From clients who do video analysis and come for lessons it’s all over the board because it is all based on many variables such as growth and development, size, mechanics and being fit to pitch.
For example we had a 16 year old last week 6’1″ 155 going into junior year throwing 84 mph. A 6’4″ 160 gradutating senior 82 mph. A 6′ 166 lbs. senior 84 mph. A 6’8″ 240 lb senior throwing 84 mph.
I believe the average high school fastball to be about 80 mph…not 85 mph as many would like you to believe. Very few high school pitchers are upper 80’s or hitting 90 mph.
Why? Poor mechanics and wasting time on practice activities that do not work.
Roger Clemens was reported to be 82-84 mph out of high school. Billy Wagner – 78 mph. Braves closer in the late 90’s Mark Wohlers was 82 mph. Clemens did not hit 90 mph until college. Both Wohlers and Wagner ended up throwing over 100 mph.
No pitcher should compare his velocity to someone else’s since you must consider all the variables.
If you want to throw harder you must improve mechanics, create valuable practice time, get quality feedback and be fit to pitch.
Hopefully others will chime in as well.
If they were only throwing low 80s or below, how did Clemens, Wagner, and Wohlers ever get a chance to pitch beyond high school? What did the scouts or college coaches see in them?
TV and Internet stories indicate that all of the pitchers who get drafted out of high school these days are throwing in the low-to-mid 90s. Also, it seems that every right-handed high school pitcher who gets a scholarship to a D-1 school is said to be throwing 90 or above, and every lefty is throwing at least 88 with a wicked breaking ball.
Based upon what you’ve seen and heard from your students all over the country, what do you consider “average” velocity for a high school varsity pitcher (freshman, sophomore, junior, and senior)? Thanks for all you do to keep us informed. Keep up the good work!
As for Clemens, Wohlers and Wagner coaches could project that they would throw harder with more development and more skill. Ryan and I are able to do this when we observe pitchers doing video analysis or during one-on-one lessons.
In observing D1 pitchers for three years while my son Ryan was at ASU, plus while watching the regionals and College World Series over the years, I do not see all D1 pitchers throwing 90 mph…far from it. And they do not have to.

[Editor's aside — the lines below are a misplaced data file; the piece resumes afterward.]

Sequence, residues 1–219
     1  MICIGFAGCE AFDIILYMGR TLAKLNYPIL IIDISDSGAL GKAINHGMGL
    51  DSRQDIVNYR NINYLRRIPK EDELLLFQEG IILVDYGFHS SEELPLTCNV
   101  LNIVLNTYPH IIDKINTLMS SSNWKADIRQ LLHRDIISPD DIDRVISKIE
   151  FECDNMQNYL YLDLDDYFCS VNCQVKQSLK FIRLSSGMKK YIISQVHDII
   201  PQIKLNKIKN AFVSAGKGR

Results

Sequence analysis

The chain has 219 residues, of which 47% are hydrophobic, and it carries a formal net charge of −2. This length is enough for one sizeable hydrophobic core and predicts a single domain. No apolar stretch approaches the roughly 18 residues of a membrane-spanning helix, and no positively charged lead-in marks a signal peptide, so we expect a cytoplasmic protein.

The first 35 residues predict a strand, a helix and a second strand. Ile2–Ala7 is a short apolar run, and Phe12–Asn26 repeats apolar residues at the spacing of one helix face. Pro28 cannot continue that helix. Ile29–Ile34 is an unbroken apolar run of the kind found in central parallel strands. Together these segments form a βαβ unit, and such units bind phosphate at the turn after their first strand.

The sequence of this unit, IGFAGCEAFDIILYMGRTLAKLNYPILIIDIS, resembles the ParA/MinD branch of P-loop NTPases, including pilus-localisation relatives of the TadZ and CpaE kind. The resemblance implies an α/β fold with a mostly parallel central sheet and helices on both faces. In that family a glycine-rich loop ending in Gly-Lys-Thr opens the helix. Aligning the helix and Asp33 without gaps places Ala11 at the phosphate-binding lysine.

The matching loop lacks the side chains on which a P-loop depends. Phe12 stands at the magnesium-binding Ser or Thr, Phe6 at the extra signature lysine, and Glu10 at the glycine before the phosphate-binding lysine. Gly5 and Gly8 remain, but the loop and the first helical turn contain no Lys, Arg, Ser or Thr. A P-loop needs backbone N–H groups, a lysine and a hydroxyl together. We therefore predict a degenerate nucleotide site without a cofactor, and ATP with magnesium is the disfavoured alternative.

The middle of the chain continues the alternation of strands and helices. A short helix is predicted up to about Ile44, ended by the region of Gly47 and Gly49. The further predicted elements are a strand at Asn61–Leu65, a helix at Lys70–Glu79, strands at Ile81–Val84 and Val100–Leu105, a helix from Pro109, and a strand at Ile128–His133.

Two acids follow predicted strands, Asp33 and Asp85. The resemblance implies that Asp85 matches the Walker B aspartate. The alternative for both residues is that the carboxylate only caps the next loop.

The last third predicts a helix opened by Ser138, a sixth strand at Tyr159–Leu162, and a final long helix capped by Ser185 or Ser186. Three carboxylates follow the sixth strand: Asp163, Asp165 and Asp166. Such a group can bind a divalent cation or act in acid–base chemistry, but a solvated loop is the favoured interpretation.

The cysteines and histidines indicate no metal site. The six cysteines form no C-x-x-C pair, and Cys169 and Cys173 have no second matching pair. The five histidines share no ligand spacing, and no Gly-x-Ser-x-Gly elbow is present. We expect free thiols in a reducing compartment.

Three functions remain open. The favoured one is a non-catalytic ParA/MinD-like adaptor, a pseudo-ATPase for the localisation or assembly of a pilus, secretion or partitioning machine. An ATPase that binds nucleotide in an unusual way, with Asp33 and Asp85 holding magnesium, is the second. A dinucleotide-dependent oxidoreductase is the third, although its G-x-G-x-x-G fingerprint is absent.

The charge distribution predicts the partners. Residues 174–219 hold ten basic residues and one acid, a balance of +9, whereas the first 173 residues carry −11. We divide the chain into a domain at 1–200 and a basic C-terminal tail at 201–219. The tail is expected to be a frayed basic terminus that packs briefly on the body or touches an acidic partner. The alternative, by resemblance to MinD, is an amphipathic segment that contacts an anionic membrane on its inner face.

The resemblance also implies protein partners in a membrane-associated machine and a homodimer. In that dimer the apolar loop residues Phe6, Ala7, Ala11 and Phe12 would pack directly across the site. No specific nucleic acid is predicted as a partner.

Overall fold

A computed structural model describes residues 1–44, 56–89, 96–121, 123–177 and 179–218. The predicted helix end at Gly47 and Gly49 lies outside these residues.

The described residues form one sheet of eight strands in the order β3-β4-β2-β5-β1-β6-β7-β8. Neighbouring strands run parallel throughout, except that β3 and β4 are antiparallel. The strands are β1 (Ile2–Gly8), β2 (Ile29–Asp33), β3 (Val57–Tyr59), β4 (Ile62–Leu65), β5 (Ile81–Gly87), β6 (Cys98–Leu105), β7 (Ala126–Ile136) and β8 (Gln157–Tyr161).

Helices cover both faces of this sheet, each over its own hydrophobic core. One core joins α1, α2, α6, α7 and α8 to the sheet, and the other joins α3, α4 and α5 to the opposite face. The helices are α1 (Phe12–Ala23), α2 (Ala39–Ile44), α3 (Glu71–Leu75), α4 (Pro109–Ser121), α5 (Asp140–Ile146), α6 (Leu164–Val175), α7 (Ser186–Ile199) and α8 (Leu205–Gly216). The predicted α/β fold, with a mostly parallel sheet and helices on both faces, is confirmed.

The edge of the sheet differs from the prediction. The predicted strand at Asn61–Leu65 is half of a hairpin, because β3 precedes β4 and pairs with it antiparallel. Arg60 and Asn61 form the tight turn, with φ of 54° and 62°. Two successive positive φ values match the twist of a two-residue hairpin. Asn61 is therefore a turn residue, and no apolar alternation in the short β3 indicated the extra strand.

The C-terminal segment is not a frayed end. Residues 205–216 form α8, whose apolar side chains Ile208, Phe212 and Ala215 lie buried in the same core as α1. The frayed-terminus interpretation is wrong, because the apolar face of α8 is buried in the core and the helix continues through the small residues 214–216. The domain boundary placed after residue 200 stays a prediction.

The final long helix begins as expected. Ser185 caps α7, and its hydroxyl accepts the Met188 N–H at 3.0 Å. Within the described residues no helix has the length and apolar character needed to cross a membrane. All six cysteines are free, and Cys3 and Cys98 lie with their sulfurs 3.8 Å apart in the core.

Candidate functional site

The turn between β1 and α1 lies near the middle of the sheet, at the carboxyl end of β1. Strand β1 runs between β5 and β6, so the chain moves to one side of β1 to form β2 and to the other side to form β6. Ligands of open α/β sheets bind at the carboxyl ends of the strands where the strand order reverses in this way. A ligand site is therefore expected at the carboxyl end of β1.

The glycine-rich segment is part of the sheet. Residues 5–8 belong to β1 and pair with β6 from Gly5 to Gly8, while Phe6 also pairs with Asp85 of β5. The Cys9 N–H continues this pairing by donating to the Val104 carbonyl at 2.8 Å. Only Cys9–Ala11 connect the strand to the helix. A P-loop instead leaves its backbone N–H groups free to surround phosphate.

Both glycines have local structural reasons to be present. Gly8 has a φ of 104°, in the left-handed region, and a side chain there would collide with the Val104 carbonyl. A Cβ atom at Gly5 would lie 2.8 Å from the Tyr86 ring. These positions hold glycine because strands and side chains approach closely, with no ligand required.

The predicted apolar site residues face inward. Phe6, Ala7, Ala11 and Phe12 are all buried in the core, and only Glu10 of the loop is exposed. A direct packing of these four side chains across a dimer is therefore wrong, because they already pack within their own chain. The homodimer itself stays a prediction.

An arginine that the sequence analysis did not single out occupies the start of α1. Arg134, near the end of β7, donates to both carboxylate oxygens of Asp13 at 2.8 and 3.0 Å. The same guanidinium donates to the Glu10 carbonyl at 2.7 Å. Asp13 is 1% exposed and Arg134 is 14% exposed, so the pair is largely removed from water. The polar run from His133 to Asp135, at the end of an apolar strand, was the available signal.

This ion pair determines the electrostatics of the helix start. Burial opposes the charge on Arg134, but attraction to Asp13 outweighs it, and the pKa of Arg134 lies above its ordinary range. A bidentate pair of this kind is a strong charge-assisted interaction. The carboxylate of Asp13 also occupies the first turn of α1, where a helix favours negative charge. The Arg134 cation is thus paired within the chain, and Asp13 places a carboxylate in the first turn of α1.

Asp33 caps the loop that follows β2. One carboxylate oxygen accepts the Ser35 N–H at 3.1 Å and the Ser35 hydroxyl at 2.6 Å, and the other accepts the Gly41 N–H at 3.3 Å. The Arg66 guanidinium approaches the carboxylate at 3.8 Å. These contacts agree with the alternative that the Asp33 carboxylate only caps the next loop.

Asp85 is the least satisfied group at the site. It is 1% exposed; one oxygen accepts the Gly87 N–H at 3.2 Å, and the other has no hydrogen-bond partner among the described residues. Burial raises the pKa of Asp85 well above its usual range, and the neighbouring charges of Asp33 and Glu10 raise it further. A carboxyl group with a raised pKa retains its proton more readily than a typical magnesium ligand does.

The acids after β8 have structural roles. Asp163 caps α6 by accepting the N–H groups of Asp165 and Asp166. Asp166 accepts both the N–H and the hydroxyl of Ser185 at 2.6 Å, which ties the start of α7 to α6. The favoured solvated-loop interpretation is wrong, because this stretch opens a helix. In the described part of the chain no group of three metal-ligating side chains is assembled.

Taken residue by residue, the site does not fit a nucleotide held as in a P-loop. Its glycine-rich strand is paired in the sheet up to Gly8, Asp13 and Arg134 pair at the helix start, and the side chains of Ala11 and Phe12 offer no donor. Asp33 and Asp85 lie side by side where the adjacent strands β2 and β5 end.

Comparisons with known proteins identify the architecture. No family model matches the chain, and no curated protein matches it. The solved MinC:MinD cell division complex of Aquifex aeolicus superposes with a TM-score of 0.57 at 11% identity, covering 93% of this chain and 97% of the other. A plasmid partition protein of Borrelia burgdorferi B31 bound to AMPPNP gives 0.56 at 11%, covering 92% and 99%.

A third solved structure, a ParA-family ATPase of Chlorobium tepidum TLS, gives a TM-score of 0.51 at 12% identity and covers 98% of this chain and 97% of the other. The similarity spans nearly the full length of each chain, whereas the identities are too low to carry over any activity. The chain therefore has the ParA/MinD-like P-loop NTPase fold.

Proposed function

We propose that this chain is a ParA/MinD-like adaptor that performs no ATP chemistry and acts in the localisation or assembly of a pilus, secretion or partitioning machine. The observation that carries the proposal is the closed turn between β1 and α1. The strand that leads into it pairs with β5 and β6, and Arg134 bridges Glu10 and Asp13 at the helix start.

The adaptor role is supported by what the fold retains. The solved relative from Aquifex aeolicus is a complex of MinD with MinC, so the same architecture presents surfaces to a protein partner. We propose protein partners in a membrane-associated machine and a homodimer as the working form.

The question for pitchers is – can you help a D1 coach win or save games by proving you can do it in high school and at showcase tournaments by getting all types hitters out.
ASU’s closer the past two years is a lefty who is mostly low 80’s but again changes speeds well. He pitched 90 innings the year before last.
I know of two pitchers at USC who could barely break 80 mph but were mainstayes at that program. One was a starter and had the best USC record in history but could not break 82 mph. But he could pitch. The other was a closer whose specialty was a change-up. He could barely break 80 mph. But both could locate their fastballs and change speeds very well. I remember both gave ASU hitters fits.
If you want to play college ball then there are two things you should do. Maximize your velocity by finding out what errors are reducing it. This should be focused on much earlier than pitchers, parents or coaches believe. Thus why getting kids mechanically sound in LL is so crucial to success later on.
Secondly, focus on fastball location and having a dominating secondary pitch whether a change-up or breaking ball…one you are confident you can locate on any count.
Of course also learn how to change speeds.
Hitters will always tell you whether you are succeeding or not. Coaches just observe how hitters react to what pitcher throw when they are evaluating.
Few high school or college pitchers can do those things well. And a lot of pros don’t do them well either.
Most pitchers of course are not spending their practice time wisely to either improve velocity or the skill of locating their pitches because most do not understand what it takes to produce mastery over a skill such as pitching.
Just an opinion- I think an average fastball of 80 mph would be for your top or better high school pitchers. I think mid to high 70s would be more accurate for all pitchers.
I also really liked the info Dick posted on the successful USC pitchers who are throwing around 80. It shows that overall pitching skill and ability to actual pitch are what really matter.
I think colleges and the pros would be well suited to give some of those guys (skilled pitchers who may not throw as hard) more of an opportunity. Others like Moyer or say John Tudor from the 80s can be successful.
I agree with you. But I heard Tom Glavine say on TV recently that he thinks Greg Maddux might not get drafted if he were coming out of high school today. That would be like IBM telling Bill Gates, “We can’t hire you because you don’t have a college degree.”
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